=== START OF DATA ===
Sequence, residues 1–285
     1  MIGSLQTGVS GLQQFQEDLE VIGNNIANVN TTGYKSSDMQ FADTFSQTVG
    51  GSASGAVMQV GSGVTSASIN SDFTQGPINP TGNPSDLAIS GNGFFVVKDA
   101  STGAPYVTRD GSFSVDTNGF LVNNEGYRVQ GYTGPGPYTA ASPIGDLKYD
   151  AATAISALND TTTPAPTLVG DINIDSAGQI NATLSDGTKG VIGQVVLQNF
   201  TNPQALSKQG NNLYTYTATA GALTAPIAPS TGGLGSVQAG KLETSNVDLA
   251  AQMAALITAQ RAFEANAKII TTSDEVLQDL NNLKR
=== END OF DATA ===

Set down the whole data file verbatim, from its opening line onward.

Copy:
Sequence, residues 1–285
     1  MIGSLQTGVS GLQQFQEDLE VIGNNIANVN TTGYKSSDMQ FADTFSQTVG
    51  GSASGAVMQV GSGVTSASIN SDFTQGPINP TGNPSDLAIS GNGFFVVKDA
   101  STGAPYVTRD GSFSVDTNGF LVNNEGYRVQ GYTGPGPYTA ASPIGDLKYD
   151  AATAISALND TTTPAPTLVG DINIDSAGQI NATLSDGTKG VIGQVVLQNF
   201  TNPQALSKQG NNLYTYTATA GALTAPIAPS TGGLGSVQAG KLETSNVDLA
   251  AQMAALITAQ RAFEANAKII TTSDEVLQDL NNLKR